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This year, The Lawyer’s annual ranking of the largest UK law firms by turnover is available as an interactive, digital benchmarking tool. For the first time this will allow you to manipulate each data set against the metrics of your choice.
A CONDITIONAL fees insurance scheme has been launched by a private firm several weeks ahead of the Law Society's own less wide-ranging insurance package.
The premiums offered by Litigation Protection are significantly higher than the Accident Line Protect scheme to be launched by the society in mid-August.
But insurance will be available through all solicitors and for all classes of 'no win, no fee' agreements, while its rival will be restricted to personal injury non-medical negligence cases handled by firms with solicitors on the society's Accident Line panel.
For an extra premium the company's clients will also be able to insure themselves against having their damages swallowed up by costs.
The cheapest premium offered by Litigation Protection is £175 to cover up to £10,000 in non medical negligence personal injury cases.
For up to £50,000 cover in a medical negligence case, clients will have to pay £4,250.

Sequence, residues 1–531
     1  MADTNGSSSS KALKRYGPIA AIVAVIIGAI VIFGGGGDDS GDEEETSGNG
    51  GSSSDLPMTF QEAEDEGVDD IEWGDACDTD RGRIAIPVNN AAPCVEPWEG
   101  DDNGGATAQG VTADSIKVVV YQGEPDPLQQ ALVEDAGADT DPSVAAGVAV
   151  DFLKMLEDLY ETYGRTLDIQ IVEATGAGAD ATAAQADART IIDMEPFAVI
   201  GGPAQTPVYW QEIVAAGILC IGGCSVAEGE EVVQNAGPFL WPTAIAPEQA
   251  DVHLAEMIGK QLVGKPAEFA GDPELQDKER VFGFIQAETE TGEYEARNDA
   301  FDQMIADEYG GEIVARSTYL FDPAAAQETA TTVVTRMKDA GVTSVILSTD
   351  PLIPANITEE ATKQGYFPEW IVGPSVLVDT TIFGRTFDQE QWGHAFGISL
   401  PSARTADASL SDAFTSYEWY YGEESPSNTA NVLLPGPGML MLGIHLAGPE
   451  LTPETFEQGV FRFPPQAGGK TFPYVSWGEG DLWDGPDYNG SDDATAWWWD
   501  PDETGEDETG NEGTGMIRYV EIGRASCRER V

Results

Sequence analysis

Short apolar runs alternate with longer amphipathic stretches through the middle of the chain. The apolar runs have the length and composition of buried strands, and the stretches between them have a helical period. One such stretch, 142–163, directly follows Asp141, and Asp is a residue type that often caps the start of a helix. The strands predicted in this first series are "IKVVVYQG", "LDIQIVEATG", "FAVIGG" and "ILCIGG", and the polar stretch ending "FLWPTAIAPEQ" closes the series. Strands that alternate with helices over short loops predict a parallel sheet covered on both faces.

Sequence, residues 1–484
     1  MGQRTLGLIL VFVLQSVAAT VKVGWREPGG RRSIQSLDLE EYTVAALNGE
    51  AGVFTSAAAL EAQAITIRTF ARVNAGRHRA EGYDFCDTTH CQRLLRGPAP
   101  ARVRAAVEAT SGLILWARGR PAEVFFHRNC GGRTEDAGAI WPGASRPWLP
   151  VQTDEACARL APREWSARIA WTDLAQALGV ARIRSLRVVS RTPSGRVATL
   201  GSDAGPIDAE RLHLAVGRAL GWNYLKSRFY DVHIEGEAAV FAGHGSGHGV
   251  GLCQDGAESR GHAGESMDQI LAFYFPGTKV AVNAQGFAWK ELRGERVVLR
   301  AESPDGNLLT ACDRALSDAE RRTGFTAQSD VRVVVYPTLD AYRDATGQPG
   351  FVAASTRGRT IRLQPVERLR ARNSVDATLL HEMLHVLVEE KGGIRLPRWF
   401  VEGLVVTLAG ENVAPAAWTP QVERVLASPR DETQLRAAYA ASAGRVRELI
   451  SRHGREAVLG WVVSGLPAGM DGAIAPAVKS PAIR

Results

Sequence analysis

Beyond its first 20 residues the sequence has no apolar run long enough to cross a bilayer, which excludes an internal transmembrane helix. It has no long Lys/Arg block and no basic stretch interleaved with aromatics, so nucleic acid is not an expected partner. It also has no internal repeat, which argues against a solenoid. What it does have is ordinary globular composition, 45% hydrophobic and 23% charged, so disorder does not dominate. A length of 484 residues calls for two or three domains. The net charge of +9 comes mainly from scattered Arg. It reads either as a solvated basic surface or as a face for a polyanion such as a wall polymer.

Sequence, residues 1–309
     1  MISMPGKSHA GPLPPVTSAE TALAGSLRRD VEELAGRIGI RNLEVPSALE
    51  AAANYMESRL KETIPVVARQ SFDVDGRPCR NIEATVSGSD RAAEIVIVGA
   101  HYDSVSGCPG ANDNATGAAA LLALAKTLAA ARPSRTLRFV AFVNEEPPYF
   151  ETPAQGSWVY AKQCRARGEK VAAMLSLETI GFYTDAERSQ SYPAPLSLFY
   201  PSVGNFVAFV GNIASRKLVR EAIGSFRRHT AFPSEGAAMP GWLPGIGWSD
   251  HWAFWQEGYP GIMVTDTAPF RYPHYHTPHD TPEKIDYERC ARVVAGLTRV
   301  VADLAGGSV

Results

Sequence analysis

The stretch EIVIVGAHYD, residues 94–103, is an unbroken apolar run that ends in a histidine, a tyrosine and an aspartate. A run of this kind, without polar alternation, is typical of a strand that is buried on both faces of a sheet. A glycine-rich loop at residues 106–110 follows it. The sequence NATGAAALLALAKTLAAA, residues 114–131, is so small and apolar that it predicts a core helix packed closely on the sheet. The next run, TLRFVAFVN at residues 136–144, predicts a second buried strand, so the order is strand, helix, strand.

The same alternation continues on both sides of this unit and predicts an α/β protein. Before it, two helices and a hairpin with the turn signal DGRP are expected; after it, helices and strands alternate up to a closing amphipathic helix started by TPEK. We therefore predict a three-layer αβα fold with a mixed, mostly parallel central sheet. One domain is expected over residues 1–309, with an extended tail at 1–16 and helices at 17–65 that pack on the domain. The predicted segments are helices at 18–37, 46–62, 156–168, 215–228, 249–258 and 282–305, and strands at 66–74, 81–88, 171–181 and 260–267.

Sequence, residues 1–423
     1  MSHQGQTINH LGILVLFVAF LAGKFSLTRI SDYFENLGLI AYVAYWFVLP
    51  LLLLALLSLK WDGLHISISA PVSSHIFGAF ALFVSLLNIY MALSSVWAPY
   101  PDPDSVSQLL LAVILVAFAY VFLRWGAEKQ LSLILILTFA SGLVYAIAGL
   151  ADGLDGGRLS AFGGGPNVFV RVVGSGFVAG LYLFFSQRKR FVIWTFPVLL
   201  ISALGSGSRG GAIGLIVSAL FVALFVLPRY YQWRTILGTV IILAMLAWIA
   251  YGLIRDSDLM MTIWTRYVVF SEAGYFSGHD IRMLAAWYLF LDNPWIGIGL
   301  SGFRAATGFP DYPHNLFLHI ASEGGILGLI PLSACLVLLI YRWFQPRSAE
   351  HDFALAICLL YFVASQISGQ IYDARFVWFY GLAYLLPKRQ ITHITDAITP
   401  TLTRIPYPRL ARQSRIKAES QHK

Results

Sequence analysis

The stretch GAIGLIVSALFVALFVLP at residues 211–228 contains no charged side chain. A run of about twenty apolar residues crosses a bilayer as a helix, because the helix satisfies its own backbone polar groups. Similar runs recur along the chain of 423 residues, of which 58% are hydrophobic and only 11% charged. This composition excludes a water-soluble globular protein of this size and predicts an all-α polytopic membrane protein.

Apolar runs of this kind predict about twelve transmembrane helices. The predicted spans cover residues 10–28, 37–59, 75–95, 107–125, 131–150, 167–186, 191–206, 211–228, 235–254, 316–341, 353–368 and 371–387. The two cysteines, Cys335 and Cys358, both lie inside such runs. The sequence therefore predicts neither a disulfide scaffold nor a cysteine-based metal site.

The scheme, sponsored by the society, plans to offer up to £100,000 indemnity for a blanket fee of less than £100.
David Hartley, of the society's legal practice directorate, says Chancery Lane is investigating the possibility of medical negligence insurance once the initial scheme has been launched.
Association of Personal Injury Lawyers president Michael Napier describes the Litigation Protection scheme as "imaginative".
He says: "To have competition in the market is a good thing, particularly so for firms which are not members of Accident Line as well as for those who are looking for insurance for medical negligence cases."
Litigation Protection managing director Brian Raincock says: "An awful lot of people don't want to use the Law Society's scheme. They don't seem very keen on the Law Society at the moment."